Ch.1/2 - Intro & Chem Components of Cells Flashcards Preview

Cell Biology (BIO 301) > Ch.1/2 - Intro & Chem Components of Cells > Flashcards

Flashcards in Ch.1/2 - Intro & Chem Components of Cells Deck (24)
Loading flashcards...
1

________ is the amount of energy required to break a bond.

Bond strength is the amount of energy required to break a bond.

  • Typ expressed as [kcal/mole] or [kJ/mole]
    • 1 kcal = ~4.2 kJ
    • kcal: amount of energy to raise temp of 1 liter of water by 1C.

2

T/F:  The presence of water signif increases covalent bond strength relative to ionic bond strength.

True

The presence of water signif increases covalent bond strength relative to ionic bond strength.

  • In aq soln, ionic bonds 10–100x weaker than covalent bonds.

3

T/F:  Small organic molecules are much less abundant than organic macromolecules.

True

Small organic molecules are much less abundant than organic macromolecules.

  • Small org molecules account for only ~1/10 total mass of organic matter in cell.

4

What are the four major families of small organic molecules?

Small organic molecules: sugars, fatty acids, amino acids, and nucleotides.

  • Account for most, but not all, of cell's mass.

5

Monosaccharides can be converted into diff sugars (e.g. glucose, mannose, or galactose) simply by switching orientations of specific ________ groups.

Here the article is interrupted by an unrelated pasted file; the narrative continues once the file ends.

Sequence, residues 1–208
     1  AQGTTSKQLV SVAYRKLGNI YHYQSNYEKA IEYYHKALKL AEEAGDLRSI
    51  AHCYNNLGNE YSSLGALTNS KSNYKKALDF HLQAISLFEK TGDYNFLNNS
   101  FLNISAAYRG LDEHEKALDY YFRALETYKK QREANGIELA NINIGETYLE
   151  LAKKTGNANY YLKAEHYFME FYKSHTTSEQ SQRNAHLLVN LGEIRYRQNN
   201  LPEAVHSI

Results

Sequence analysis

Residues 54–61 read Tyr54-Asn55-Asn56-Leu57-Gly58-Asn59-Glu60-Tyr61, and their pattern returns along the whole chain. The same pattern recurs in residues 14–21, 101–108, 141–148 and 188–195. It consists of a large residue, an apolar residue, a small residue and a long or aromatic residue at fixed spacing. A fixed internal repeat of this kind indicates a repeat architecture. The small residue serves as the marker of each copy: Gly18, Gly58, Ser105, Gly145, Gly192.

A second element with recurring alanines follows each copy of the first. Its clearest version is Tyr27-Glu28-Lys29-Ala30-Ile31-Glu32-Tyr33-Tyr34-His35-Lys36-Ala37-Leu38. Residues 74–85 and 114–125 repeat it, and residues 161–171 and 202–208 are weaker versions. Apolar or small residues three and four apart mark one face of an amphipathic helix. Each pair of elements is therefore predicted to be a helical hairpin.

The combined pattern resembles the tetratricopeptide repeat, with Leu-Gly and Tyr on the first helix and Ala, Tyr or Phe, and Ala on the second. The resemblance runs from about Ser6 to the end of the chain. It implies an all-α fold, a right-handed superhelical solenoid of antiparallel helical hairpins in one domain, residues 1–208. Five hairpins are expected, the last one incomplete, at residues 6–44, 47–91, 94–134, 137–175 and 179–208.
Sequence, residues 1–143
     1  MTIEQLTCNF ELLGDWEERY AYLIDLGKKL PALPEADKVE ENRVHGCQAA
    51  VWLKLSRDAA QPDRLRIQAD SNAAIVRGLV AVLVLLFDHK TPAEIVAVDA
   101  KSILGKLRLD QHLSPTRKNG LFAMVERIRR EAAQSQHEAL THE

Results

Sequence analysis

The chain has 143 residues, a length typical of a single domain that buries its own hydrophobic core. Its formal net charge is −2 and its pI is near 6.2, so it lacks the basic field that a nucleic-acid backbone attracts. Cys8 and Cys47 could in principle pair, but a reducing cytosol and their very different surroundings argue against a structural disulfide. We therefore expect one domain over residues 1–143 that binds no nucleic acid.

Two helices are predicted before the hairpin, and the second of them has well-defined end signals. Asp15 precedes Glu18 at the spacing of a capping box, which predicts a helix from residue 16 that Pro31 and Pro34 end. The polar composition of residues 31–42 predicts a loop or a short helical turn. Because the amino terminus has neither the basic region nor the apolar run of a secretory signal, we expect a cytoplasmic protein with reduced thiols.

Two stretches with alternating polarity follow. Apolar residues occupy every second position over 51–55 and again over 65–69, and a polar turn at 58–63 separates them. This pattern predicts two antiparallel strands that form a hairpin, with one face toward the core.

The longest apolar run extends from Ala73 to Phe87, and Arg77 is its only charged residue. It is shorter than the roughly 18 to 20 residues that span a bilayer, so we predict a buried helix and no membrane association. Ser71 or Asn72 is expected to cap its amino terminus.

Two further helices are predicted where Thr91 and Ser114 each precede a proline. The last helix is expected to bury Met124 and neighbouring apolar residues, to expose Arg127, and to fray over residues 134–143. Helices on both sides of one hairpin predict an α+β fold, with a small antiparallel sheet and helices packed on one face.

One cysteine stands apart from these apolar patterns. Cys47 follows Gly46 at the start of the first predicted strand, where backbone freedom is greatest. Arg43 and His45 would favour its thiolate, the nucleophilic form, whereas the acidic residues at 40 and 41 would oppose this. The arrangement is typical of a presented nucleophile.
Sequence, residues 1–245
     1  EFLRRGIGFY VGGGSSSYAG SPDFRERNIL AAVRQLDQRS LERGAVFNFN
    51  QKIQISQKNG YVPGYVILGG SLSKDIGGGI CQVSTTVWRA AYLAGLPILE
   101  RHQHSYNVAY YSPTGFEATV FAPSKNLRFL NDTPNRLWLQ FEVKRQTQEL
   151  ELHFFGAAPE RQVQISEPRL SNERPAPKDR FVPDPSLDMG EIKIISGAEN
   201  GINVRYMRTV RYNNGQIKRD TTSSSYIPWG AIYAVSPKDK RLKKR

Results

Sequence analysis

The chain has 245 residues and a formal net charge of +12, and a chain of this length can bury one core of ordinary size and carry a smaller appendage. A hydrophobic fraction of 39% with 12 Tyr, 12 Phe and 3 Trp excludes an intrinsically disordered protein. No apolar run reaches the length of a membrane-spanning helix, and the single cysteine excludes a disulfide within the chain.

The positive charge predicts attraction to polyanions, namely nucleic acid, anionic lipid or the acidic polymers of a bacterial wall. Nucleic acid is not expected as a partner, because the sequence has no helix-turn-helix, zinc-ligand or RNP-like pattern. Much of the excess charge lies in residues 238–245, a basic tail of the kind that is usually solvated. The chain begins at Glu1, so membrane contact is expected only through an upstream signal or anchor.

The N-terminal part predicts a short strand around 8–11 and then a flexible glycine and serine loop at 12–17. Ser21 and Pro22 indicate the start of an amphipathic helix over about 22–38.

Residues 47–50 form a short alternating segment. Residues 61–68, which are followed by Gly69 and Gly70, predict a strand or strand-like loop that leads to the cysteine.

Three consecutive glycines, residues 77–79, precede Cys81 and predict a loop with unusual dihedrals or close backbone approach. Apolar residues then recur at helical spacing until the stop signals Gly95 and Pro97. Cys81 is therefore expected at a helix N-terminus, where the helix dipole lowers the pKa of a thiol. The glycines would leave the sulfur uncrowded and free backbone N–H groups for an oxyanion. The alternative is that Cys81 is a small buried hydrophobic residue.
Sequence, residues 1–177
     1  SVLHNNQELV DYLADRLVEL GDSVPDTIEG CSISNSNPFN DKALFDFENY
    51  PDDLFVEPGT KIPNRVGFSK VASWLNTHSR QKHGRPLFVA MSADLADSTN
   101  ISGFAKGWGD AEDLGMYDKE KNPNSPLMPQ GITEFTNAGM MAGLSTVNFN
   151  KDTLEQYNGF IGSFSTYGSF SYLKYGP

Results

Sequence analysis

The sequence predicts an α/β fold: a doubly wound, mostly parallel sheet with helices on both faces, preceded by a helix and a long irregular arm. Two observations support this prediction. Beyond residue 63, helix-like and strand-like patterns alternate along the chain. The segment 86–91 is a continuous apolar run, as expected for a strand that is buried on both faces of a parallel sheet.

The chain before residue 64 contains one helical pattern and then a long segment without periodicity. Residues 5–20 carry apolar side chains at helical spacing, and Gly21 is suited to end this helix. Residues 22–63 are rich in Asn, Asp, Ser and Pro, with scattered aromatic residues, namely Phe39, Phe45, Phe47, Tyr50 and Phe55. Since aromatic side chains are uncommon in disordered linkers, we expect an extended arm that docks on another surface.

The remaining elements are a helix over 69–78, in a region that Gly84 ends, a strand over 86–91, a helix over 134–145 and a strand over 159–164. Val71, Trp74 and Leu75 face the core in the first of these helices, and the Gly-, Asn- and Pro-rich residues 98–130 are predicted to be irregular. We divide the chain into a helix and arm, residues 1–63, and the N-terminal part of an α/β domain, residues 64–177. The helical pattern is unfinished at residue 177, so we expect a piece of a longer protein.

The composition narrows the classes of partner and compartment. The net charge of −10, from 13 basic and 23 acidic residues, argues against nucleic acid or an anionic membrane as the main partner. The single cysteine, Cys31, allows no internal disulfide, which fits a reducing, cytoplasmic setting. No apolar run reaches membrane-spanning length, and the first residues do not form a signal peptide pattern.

Monosaccharides can be converted into diff sugars (e.g. glucose, mannose, or galactose) simply by switching orientations of specific –OH (hydroxyl) groups.

  • Two forms: D-form and L-form; mirror images of ea/o, i.e. optical isomers.

6

Two monosaccharides can be linked by a covalent _________ bond to form a __________.

Two monosaccharides can be linked by a covalent glycosidic bond to form a disaccharide.

7

What feature of sugars makes branched polysaccharides possible?

Each mono has several free hydroxyl groups that can form glycosidic bond (or link w some other compound) → can be branched → large # of possible poly structures.

8

Fatty acid chains are formed by what two chemically distinct regions?

Fatty acid chains are formed by a long HC chain tail and a carboxyl group (-COOH) head.

9

What feature of fatty acid chains cause them to behave like an acid in aq soln?

The carboxyl group (head) behaves as an acid (carboxylic acid), i.e. donates H+ in aq soln (–COO) → extremely hphilic → chemically reactive.

  • Almost all FAs in cell are covalently linked to other molecules by carboxylic acid group.

10

Fatty acids are a rich energy source and are stored as ________ in the cytoplasm.

Fatty acids are a rich energy source and are stored as triacylglycerols in the cytoplasm.

  • Can be broken down to produce ~6x as much usable energy, weight for weight, as glucose.
  • Stored in cytoplasm in form of fat droplets composed of triacylglycerols3 FA chains covalently joined to a glycerol.

11

When cells need energy, ________ are released from triacylglycerols and broken into ____ units.

When cells need energy, fatty acid chains are released from triacylglycerols and broken into 2-C units.

  • These 2-C units are identical to those derived fr breakdown of glucose → enter same energy-yielding rxn pathways.

12

Loosely defined as insoluble in water but soluble in fat/organic solvents (e.g. benzene), ______ include fatty acid chains and its derivatives (e.g. triacylclycerols.

Loosely defined as insoluble in water but soluble in fat/organic solvents (e.g. benzene), lipids include fatty acid chains and its derivatives (e.g. triacylclycerols.

  • May contain multiple linked aromatic rings instead of FA chains; e.g. steroids.

13

Describe the structure of phospholipids.

Phospholipids:

  • Most constructed mainly fr FAs and glycerol.